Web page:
How Rush Limbaugh and conservative ‘90s media made climate change a partisan issue
Most Americans are finally ready to take climate change seriously. According to a recently published report from Pew Research Center, 64 percent of Americans now believe that protecting the environment and combating climate change should be a top priority. It's the first time in two decades of Pew's polling that the issue has broached majority support during a presidential election year — suggesting that climate change is no longer some niche issue or afterthought but rather front and center on the minds of voters. Well, most voters, that is.
While the majority of Americans have come to see climate change for the existential threat that it is, Republican voters lag behind. Fewer than two in five (39 percent) consider environmental protection to be something they care about and just 21 percent consider it to be a top priority. By comparison, 78 percent of Democrats view climate change as a top priority heading into this election cycle. According to Pew's research, the environment has seen a 21 point increase in support among Americans over the last eight years — with 17 percent of that increase coming over the course of the last four years, much of which was dominated by the Trump administration's active attempts to undermined environmental protection and ignore climate change. Yet Republicans are largely unmoved. As political issues, climate change and environmental protections have the largest gap between the number of Republicans and Democrats who consider the topics to be top priorities.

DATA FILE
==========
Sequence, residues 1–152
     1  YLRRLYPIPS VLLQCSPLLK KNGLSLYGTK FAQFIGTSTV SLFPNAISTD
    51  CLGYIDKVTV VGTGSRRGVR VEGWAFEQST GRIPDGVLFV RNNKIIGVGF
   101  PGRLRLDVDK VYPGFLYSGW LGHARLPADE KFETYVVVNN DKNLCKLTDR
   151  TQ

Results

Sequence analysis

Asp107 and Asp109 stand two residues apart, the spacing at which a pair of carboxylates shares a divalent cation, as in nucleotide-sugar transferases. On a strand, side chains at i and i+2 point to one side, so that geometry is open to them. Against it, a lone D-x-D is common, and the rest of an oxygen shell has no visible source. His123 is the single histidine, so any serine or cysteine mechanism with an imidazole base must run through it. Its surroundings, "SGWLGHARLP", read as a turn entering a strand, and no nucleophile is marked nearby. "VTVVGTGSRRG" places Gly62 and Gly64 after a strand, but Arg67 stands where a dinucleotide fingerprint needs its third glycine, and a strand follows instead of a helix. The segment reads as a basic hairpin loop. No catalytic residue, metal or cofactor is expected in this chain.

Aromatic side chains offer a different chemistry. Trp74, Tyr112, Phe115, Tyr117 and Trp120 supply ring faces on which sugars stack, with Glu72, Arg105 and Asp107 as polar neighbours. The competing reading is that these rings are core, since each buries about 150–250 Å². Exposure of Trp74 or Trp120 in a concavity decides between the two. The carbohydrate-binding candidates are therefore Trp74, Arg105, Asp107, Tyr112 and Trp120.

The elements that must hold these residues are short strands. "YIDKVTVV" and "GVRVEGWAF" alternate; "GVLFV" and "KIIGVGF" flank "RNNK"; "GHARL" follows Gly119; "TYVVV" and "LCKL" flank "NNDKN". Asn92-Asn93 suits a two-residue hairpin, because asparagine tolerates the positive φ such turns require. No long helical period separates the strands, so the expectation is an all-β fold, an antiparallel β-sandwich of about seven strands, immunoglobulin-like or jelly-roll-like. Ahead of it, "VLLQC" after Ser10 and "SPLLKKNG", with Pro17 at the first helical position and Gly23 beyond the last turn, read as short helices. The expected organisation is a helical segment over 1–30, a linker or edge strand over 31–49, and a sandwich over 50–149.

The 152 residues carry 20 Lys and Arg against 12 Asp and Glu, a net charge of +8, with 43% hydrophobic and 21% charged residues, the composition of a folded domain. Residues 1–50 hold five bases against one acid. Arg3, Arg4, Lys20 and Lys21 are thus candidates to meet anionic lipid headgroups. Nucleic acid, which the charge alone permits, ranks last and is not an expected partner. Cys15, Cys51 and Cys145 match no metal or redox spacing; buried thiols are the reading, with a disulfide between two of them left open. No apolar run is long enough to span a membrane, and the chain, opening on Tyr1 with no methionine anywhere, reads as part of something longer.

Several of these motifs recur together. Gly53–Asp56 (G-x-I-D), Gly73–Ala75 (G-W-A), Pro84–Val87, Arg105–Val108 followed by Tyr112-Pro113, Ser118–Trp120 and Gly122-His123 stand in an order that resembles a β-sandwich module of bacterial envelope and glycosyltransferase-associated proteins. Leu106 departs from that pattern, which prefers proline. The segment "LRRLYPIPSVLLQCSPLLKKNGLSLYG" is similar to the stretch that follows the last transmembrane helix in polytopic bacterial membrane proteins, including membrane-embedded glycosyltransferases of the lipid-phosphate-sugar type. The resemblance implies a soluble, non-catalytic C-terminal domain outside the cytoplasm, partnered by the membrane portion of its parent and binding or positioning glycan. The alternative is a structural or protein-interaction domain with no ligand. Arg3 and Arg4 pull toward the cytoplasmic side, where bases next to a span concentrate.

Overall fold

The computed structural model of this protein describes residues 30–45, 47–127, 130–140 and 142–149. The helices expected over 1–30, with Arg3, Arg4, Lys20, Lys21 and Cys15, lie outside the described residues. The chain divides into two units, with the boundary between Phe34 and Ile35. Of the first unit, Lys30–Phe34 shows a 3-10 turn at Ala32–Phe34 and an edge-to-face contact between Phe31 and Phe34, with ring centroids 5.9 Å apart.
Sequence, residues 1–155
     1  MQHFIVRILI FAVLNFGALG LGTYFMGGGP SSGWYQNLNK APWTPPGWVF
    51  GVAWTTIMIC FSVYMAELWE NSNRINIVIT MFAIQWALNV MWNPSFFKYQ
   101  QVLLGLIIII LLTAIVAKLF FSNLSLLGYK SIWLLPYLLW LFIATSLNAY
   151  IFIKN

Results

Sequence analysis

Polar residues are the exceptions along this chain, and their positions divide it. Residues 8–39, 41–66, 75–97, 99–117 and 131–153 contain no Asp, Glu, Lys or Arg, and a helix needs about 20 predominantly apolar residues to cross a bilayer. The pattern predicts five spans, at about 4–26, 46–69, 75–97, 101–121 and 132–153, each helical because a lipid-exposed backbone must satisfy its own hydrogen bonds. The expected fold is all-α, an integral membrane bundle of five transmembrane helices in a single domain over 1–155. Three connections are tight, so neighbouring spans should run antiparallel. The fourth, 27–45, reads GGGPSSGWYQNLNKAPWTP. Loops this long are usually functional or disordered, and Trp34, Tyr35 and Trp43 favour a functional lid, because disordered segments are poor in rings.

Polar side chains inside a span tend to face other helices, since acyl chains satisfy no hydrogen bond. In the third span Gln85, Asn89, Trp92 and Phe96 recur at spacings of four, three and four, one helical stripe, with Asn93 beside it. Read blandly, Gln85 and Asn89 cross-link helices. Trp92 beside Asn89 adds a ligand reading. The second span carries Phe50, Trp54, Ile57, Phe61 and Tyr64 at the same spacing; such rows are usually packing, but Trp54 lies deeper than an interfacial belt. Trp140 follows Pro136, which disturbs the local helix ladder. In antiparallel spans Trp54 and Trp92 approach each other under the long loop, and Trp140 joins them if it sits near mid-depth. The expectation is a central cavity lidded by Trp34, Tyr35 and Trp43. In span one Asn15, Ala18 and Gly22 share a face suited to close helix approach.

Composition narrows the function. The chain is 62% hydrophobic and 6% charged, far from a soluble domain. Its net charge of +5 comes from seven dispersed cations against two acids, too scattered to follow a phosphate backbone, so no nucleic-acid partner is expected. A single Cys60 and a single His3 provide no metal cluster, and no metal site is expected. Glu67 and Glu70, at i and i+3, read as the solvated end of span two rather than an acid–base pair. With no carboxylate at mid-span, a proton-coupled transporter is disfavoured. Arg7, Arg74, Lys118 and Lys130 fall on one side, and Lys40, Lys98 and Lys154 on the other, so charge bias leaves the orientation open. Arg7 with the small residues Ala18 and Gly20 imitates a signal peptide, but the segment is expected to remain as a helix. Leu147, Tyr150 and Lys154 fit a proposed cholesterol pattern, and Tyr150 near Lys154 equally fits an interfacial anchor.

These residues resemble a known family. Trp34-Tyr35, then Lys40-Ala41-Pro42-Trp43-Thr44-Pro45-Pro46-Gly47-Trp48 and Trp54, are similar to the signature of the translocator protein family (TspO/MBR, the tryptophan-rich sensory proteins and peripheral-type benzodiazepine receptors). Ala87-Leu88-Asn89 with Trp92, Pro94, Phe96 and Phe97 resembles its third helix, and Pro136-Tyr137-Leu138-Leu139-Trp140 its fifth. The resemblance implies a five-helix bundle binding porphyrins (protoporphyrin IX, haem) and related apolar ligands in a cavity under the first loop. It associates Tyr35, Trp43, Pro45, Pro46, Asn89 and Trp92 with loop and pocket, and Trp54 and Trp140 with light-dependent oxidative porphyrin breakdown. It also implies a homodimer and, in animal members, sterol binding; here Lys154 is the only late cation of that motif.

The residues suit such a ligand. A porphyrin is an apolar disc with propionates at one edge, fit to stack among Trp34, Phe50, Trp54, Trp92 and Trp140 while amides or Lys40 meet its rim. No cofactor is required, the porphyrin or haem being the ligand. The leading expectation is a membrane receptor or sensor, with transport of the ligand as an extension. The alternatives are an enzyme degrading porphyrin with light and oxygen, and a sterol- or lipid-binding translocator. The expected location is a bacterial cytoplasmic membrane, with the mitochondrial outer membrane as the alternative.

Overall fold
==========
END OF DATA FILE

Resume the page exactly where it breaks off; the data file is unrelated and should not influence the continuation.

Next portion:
While this divide between Republican and Democratic voters may seem long-standing and impossible to bridge, climate change did not used to be a controversial concept. Republican president Richard Nixon formed the Environmental Protection Agency in 1970 to help unify efforts to combat pollution, which was becoming a growing problem throughout the country. Republican George H. W. Bush ran openly as an environmentalist during his 1988 presidential campaign, called for action to address global warming, and took climate change and the environment seriously enough to earn himself the title of "environmental hero" from the Environmental Defense Fund. As recently as the early 1990s, polls showed that about 80 percent of Americans knew of and believed in climate change and believed that it was a problem that required addressing.
It was around this point that everything changed, thanks in part due to intentional attempts by the fossil fuel industry to cast doubt on climate science and the simultaneous push for more conservative news sources that decided to treat scientific consensus as a partisan issue. Documents uncovered by investigative reporters and activists show that fossil fuel companies spent the 1990s going on a public relations blitz that sought to sow doubt in the concept of climate change and global warming.